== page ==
Ky. Baptists delay cutting Georgetown ties
Southern Baptists in Kentucky are going to wait a year before deciding whether to end a partnership with Georgetown College, a historically Baptist liberal-arts college chartered in 1829.
By Bob Allen
The Kentucky Baptist Convention’s mission board voted unanimously and without discussion Nov. 12 to approve an administrative committee recommendation to postpone by one year a vote on the convention’s future with Georgetown College.
A motion to terminate a partnership agreement struck in 2005, when Georgetown changed its governance to recruit one fourth of its trustees from outside the Southern Baptist Convention-affiliated state convention, appeared in the 2012 KBC book of reports but was withdrawn at the state convention’s 175th annual meeting Nov. 13 in Lexington, Ky.
KBC President Adam Greenway, assistant professor of evangelism and applied apologetics at Southern Baptist Theological Seminary, told messengers that convention leaders felt that with the recently announced retirement of Georgetown College President William Crouch next June, the selection of his successor might open the door for renewed cooperation between the two parties.
A state convention study committee that proposed ending ties with Georgetown cited factors including a recent decision by the school’s trustees to drop the requirement that 75 percent of the board members be Kentucky Baptists.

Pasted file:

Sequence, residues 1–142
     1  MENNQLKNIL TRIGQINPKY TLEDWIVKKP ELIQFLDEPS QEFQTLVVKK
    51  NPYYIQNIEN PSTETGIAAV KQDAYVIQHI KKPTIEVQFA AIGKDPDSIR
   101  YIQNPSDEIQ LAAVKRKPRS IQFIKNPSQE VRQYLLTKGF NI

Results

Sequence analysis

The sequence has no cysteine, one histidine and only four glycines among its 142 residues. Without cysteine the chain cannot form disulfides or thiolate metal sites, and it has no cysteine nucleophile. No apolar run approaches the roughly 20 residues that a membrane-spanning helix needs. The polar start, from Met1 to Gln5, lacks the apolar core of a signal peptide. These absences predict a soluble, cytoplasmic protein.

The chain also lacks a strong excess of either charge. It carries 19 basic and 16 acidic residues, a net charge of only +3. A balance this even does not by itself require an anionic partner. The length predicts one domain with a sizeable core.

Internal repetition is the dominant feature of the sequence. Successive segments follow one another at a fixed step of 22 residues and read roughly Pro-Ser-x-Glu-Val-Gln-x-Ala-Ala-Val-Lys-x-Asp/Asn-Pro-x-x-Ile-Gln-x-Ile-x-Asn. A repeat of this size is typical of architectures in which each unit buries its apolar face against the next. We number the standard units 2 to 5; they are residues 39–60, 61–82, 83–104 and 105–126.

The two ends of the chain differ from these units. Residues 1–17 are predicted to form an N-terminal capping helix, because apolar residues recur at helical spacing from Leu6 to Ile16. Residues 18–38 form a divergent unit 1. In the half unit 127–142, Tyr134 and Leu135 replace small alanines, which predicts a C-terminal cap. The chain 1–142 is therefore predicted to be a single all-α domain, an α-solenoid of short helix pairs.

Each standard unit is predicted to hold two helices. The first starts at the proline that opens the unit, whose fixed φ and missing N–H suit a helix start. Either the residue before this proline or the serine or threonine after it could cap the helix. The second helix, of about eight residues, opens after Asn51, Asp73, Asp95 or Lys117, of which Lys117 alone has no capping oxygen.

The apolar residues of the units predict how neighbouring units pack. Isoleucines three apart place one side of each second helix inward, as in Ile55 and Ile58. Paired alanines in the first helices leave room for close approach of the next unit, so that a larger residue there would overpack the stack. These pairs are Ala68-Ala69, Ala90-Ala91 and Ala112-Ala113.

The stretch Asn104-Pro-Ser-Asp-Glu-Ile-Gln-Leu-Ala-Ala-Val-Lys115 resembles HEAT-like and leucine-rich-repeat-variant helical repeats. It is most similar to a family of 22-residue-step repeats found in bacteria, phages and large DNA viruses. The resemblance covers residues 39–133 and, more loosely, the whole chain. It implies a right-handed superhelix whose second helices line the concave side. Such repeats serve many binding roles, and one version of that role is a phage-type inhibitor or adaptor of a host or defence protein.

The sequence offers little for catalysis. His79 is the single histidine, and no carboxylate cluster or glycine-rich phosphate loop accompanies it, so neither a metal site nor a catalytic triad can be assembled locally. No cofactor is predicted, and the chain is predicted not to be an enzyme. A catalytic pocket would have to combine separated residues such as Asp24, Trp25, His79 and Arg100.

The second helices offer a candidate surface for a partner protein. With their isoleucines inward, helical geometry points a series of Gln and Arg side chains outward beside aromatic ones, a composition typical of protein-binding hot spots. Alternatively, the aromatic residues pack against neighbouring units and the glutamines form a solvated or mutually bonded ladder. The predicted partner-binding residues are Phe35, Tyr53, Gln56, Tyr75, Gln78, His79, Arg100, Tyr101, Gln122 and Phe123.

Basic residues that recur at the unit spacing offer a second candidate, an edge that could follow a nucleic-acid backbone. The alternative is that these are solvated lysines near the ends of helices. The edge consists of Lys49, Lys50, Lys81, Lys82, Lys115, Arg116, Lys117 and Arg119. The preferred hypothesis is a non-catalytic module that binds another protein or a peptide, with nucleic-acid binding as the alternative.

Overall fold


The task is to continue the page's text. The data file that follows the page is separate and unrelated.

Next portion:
Another was a revision of Georgetown’s identity statement from sectarian Baptist to one “built on a Baptist foundation” in pursuit of “a knowledge of and commitment to the Christian faith.”
Also mentioned was the 2010 relocation to Georgetown’s campus of the Baptist Seminary of Kentucky, a Cooperative Baptist Fellowship partner.
The motion to terminate the relationship cited “limited resources and a more focused ministry assignment,” and a desire by Kentucky Baptists “to invest Christian education resources, energies and attention on our institutions that are in covenant agreement with the Kentucky Baptist Convention.”
If approved, the motion would have made scholarship funds for Georgetown available to students at the University of the Cumberlands, Campbellsville University and Clear Creek Baptist Bible College.
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